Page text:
By Quentin Hardy
The cool things now in hacker space are physical products, like personalized drone racing, centrifugal force-brewed coffee, and hyper-efficient air purifiers that use ultraviolet light.
High-tech hardware is following the route that software took around the year 2000, with cheap resources and fast development leading to an explosion of products. While financing for many products has typically relied on crowdsourcing sites like Kickstarter, a more formal supporting infrastructure now appears to be developing.
“The fabric of technology has changed,” said Liam Casey, the founder and chief executive of PCH, which makes products for companies including Apple, and for 18 months has run an accelerator for hardware start-ups. Developments like 3D printing, open source operating systems, and easy manufacturing from China, he said, are creating “a renaissance for hardware start-ups everywhere.”
His accelerator, called Highway1, is counting on their success. In exchange for anywhere from 3 percent to 6 percent of the start-up, Highway1 gives young hardware start-ups $50,000, access to the company’s engineering labs, a two-week visit to China, and a four-month course in managing a start-up’s risk.
Mr. Casey is not the only person who thinks something is going on. On Tuesday, Highway1 held its fourth demonstration of companies, attracting about 250 journalists, investors, and corporate representatives.
A number of the students had polished pitches. Game of Drones, the drone racing company, offered both packaged training on how to fly and race a machine, and in-drone video cameras so the driver could feel aloft as she ran the obstacle course. The company has also built a community of people who watch the races, the way others watch people play video games online.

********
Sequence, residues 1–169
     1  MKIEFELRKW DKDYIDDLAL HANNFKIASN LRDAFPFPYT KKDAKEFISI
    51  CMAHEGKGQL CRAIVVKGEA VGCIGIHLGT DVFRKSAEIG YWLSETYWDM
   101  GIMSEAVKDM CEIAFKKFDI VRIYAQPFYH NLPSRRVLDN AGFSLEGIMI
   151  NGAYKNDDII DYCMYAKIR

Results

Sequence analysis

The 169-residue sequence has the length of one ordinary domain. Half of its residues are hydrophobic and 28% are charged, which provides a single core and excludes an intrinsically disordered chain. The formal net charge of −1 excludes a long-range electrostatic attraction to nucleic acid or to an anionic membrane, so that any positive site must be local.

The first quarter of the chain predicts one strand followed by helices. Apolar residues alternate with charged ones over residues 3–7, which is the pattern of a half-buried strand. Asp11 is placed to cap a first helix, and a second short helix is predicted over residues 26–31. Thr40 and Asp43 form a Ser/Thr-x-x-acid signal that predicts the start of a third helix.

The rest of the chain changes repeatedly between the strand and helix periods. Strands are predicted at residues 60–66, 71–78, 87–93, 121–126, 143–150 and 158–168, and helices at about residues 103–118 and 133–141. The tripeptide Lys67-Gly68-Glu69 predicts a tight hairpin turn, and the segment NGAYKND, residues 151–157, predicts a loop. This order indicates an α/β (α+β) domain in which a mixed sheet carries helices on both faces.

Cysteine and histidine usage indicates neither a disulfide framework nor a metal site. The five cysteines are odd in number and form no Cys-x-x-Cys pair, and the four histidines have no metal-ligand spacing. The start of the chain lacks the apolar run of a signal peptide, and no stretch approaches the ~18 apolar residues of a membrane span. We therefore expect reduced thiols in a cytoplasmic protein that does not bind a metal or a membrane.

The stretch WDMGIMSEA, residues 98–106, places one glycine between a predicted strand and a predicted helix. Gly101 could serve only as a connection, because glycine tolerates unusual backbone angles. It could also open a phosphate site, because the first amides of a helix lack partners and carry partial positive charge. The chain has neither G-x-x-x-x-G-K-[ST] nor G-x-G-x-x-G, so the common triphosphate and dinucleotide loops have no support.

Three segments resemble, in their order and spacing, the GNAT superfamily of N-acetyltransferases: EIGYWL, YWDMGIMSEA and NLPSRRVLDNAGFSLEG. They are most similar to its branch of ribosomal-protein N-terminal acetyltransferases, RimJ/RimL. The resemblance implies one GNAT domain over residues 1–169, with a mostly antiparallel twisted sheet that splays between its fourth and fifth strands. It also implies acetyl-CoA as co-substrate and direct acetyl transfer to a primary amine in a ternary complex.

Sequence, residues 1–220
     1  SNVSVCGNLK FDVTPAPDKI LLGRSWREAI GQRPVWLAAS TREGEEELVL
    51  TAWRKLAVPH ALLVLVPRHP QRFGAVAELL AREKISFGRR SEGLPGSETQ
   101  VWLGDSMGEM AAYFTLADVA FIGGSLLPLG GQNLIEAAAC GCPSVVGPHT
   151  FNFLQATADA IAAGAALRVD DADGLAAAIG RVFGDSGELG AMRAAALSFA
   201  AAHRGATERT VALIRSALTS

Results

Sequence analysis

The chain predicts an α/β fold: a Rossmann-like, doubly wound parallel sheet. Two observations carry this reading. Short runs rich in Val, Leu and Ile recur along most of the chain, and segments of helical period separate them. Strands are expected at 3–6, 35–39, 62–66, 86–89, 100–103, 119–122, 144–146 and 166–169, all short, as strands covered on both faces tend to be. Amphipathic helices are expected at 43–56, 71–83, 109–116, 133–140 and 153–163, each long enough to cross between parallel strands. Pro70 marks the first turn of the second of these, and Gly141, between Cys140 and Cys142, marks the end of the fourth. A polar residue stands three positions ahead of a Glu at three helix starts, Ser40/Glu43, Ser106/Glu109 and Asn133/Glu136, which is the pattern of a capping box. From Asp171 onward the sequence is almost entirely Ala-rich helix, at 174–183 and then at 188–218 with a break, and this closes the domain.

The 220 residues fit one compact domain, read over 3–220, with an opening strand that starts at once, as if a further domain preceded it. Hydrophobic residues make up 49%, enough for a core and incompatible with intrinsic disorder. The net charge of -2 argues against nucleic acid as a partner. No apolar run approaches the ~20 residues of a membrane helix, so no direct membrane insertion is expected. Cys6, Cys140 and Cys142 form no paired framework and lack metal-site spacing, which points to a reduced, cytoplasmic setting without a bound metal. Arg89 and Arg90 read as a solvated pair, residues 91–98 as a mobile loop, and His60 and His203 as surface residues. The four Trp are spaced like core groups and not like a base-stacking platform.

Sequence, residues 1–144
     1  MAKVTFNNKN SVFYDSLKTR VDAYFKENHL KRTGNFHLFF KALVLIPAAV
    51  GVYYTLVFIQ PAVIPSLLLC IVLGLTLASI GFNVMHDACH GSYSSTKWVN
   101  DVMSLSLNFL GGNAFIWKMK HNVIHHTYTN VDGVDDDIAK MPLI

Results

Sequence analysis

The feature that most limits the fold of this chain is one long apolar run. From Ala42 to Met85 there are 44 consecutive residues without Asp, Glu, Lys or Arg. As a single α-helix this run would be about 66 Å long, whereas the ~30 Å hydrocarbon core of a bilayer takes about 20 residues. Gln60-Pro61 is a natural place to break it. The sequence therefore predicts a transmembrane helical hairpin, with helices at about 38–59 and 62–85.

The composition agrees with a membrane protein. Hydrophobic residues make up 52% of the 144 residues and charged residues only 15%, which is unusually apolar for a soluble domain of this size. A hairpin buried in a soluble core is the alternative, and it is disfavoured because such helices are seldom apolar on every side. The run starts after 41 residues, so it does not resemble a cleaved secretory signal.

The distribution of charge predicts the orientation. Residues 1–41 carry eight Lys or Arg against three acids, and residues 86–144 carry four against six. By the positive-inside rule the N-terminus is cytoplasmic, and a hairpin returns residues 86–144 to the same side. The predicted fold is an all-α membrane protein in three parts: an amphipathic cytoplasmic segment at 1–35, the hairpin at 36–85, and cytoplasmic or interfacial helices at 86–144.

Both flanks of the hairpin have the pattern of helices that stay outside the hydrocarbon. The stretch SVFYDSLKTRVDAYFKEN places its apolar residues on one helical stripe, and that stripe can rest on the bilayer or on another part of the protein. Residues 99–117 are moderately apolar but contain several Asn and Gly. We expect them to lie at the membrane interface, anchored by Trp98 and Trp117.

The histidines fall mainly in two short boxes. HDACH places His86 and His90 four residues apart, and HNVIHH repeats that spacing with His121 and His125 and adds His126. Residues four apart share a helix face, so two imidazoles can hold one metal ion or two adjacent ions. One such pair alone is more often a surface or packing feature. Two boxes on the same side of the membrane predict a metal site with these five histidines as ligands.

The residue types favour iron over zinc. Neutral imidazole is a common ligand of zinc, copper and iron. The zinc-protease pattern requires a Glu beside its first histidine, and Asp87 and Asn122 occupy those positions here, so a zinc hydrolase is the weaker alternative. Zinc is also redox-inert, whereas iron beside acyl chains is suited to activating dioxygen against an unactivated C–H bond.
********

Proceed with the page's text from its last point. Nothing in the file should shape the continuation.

Spinn, the coffee maker, said its machine can brew anything from drip coffee to espresso, depending on how fast the brewer spins. The company also hopes to create a kind of social network of baristas, whose methods can be downloaded at home for a Spinn machine to duplicate. Transformair, the air filter, said it tested its machine against 3.9 million e. coli bacteria, and killed everyone.
Other products included a disk that could fit behind a standard watch and connect to a smartphone to do most of the functions of a smartphone; a water monitoring and management system aimed initially at aquariums, but hopes to transform acquaculture, and a kind of home security camera that also used visual data analysis to capture the most heartwarming parts of your life.
In some cases, the start-ups were looking for millions of dollars in investment, as the move from the new realities of prototyping to the still-difficult business of making a product at scale.
Even that may change soon. Last year, PCH paid an estimated $15 million to buy Fab, a shopping website that was once valued at $1 billion (PCH would not comment on what it paid for Fab). In October, Mr. Casey expects to augment the sale items now on Fab with specially produced designer goods, while also offering an online store to his incubated investments.
“This is the future,” he said. “I want them to get more ambitious. I want someone to come to me with a plan for a phone. A car.”
Original article can be found here